2000 Honda Civic Si Review

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High Gear Media Staff High Gear Media Staff  
December 20, 1999

The Civic has always been a good citizen of economy land. Never less that than competent, not often more than mildly entertaining (aside from the rorty CRX), the Civic has been the car that everyone would recommend for their teenage niece for nigh unto 20 years.

But last year, Honda decided to heat up the Civic — to make it even more attractive to the hordes of southern California hot-rodders that have been turning the mild-mannered Civic coupes into their personal testosterone-driven chariots of fire.

Honda answered those homemade ‘rods with the Civic Si. And with the addition of more horsepower, cladding, and less suspension travel, the Civic is now available from the factory with modifications which used to only be obtainable in the aftermarket.

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First on the list of equipment is a 160-horsepower DOHC VTEC engine. Its output bests the previous king of the hill Civic EX coupe by 33 horsepower. The engine is similar to the unit that was installed in the now defunct Civic del Sol. Not surprisingly, like other high-performance Honda engines, this one's a revver. And thank God you can't get it with an automatic transmission; its 8000-rpm redline makes such a thought seem sacrilegious. Not surprisingly, most of the power is produced aft of 4000 rpm when the VTEC variable cam timing uncorks the engine with more aggressive intake and exhaust flow.

But while the engine is definitely the centerpiece of this ride, there's much more to the Si than just a new engine. Next on the list of factory modifications is an upgraded chassis. Honda bolts on a rear stabilizer bar and a new front stabilizer bar with a diameter of 26 mm instead of 22 mm, as on other Civics. You also get four-wheel disc brakes in place of the front disc/rear drums of other models, and the new brakes rest behind 15-inch alloy wheels fitted with P195/55R15 V-rated Michelin XGT V4 tires. Coupled with these larger tires and wheels as well as the new stabilizer bar setup, stiffer springs and a front strut tower brace are fitted to further improve handling and steering response.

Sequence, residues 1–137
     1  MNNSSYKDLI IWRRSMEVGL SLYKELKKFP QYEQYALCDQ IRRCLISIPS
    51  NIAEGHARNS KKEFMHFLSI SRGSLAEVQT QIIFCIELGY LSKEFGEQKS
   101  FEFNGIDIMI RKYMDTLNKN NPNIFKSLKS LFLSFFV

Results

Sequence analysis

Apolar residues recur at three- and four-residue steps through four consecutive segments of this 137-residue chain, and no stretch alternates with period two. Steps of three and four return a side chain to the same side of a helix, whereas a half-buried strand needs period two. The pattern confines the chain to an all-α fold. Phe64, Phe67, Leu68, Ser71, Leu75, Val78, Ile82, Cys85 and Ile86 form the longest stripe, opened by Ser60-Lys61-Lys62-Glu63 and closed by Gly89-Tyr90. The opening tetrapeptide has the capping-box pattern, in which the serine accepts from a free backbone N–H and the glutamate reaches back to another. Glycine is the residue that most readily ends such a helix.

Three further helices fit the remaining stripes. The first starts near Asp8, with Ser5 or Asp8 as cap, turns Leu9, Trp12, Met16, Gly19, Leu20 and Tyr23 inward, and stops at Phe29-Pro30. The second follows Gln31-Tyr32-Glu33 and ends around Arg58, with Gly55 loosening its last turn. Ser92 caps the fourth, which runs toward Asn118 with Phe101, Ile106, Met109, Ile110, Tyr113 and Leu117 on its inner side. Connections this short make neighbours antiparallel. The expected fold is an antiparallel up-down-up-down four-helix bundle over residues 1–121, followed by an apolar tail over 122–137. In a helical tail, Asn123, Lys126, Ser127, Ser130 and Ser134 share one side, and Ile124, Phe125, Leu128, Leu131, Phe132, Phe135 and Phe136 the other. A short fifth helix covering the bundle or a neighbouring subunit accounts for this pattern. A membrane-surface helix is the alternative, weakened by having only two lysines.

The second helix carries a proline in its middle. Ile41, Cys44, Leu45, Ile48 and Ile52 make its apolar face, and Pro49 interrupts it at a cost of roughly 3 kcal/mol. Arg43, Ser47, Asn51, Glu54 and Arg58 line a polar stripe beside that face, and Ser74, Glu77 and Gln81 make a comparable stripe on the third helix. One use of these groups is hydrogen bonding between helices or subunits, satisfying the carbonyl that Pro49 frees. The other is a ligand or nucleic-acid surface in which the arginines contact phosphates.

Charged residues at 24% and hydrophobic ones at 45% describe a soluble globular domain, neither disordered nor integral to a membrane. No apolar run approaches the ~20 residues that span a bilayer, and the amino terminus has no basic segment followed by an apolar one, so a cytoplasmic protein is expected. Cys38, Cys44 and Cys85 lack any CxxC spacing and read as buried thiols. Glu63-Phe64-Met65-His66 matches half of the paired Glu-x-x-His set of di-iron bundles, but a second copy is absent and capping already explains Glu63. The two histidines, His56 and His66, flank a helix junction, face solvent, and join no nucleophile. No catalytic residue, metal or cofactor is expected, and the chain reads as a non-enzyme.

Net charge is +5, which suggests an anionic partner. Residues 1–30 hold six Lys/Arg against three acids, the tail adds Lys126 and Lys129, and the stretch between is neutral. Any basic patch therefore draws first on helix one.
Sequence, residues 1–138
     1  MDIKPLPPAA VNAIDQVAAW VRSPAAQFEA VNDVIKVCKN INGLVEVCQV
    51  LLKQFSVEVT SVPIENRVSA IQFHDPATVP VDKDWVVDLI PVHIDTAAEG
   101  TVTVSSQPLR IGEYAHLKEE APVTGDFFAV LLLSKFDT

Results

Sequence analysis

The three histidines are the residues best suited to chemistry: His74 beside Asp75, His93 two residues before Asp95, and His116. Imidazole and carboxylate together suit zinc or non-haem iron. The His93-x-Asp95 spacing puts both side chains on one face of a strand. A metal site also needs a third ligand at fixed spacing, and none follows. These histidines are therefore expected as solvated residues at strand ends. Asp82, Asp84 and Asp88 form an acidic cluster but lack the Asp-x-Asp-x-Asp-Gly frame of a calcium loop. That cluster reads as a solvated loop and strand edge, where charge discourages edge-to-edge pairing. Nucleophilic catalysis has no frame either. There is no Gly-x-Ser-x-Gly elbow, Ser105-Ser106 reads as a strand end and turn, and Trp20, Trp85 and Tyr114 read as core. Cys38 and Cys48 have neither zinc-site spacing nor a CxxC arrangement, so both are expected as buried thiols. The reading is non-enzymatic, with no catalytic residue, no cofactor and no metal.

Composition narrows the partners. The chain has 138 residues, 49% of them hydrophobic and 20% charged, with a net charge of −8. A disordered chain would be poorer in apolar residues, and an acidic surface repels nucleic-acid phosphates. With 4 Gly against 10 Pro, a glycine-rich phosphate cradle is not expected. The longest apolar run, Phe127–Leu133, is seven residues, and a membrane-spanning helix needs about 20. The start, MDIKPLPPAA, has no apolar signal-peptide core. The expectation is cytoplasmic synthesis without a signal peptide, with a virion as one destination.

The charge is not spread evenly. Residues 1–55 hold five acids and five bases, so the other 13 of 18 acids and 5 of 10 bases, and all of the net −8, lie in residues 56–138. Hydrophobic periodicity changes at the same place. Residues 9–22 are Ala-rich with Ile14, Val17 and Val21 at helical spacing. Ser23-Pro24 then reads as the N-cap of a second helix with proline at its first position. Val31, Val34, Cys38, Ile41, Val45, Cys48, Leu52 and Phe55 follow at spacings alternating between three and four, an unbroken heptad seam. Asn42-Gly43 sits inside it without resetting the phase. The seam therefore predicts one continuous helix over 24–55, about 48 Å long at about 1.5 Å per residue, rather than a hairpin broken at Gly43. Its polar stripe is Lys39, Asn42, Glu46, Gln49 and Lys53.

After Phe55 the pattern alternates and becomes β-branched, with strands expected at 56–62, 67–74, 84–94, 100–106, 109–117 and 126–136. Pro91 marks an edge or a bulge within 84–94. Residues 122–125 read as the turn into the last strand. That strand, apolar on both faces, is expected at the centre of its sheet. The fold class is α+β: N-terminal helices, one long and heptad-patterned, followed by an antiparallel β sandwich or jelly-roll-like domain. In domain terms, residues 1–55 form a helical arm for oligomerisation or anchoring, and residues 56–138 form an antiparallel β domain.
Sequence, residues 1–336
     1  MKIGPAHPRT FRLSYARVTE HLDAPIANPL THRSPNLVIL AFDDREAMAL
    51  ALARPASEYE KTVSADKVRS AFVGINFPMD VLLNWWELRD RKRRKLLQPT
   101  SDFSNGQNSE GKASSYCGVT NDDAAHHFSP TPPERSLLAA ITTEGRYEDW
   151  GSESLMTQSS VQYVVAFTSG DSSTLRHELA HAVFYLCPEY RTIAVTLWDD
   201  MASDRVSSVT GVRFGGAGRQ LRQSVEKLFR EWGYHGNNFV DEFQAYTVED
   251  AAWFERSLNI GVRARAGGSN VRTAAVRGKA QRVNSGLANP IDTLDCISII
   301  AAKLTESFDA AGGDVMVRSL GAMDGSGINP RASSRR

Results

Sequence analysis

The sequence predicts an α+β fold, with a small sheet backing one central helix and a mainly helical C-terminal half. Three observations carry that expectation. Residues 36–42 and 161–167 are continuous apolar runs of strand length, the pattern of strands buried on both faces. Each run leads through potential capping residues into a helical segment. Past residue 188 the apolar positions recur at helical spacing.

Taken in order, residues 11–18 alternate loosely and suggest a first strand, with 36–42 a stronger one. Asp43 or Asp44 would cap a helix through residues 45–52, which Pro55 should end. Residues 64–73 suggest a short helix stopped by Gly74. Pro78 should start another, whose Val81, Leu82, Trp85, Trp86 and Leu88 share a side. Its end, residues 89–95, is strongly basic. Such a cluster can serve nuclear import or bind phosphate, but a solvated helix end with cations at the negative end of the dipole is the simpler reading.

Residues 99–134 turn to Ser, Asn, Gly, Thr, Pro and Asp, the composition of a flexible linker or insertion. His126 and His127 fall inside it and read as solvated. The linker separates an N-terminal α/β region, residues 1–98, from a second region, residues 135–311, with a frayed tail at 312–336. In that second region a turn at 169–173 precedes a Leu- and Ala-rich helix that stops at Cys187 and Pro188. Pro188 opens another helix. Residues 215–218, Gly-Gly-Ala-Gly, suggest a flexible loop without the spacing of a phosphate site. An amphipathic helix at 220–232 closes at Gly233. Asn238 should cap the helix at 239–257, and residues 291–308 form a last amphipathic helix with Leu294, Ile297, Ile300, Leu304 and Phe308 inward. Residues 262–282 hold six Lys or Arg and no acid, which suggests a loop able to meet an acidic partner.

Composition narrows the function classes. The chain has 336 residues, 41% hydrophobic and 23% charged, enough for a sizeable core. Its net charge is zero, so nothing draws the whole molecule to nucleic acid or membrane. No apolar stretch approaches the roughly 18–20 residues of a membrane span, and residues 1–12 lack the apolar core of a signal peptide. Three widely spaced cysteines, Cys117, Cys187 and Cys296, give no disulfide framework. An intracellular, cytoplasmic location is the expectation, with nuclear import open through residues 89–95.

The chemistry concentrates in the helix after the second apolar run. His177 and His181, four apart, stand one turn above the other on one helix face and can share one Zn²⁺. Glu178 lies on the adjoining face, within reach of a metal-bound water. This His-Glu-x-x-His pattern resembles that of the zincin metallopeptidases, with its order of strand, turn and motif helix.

2000 Honda Civic Si

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Subtle Civic departures

On the outside, the Si has a few subtle touches that set it apart from other Civics. A new front fascia and side sills lend a slightly meaner look without looking tacked on. You have to look closely to notice them. With the larger 15-inch seven spoke wheels, the Si look is subtly different from the stock Civic, especially in some of the hotter colors offered — they include Electron Pearl Blue (unique to the Si), Milano Red and Flamenco Black Pearl.

Inside, the interior is also upgraded. Amber instrument panel illumination along with unique instrumentation graphics gives the gauge cluster a new look. The shift knob and steering wheel are covered in leather, and the headrests are open designs that lend a sportier appearance to the seats. An AM/FM CD player is standard.

Also included, because of the modifications, are fun dynamics. All it takes is a few hundred feet of driving in the Si to tell that this car is no ordinary Civic. As is in other hi-revving four-cylinder engines, this one isn't much fun for the first few thousand rpms. But as the tachometer needle reaches 4000 rpm, the VTEC kicks in and the engine transforms itself into a reciprocating mass of metallic joy. It’s no torque monster, but the Si engine is much less peaky than the Toyota Celica GT-S we drove a while back: the Si has at least 3000 rpm of usable power band, whereas the Toyota has less than half that. It’s also quieter at full throttle than the new Celica.

With its significant suspension modifications, the Civic Si has a more direct feel than other Civics. Coupled with its free-revving engine, the Si is a fun little piece to drive. It can sprint from 0-60 mph in a shade over seven seconds, Honda says. But it's practical too. If you can manage to keep your foot out of it, you might be rewarded with as much as 30 mpg, as we saw.

The Si's shortfalls are few: anti-lock brakes are not available, and the factory audio system is rather pathetic even when compared with less expensive cars like the Toyota ECHO. Despite the fact that it includes door-mounted tweeters, it sounds tortured at even moderate volume levels. If you’re an audio aficionado, you’d probably rip it out and start over anyway.

Nevertheless, for $17,960, including destination, it's a heck of a bargain. And with the multitude of aftermarket equipment available for the car, owning one would be like having a blank canvas upon which to create your own tuner masterpiece.

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2000 Honda Civic Si Base Price: $17,960 (including destination)
160-hp 1.6-liter DOHC VTEC in-line four
five-speed manual
103.2 in
175.1 in
67.1 in
54.1 in
2612 lb
Fuel economy:
26 city/ 31 hwy
Major standard equipment:
AM/FM CD tuner
Four-wheel disc brakes
Power door locks
Cruise control
Air conditioning
15" alloy wheels
Tilt steering
Leather-wrapped steering wheel
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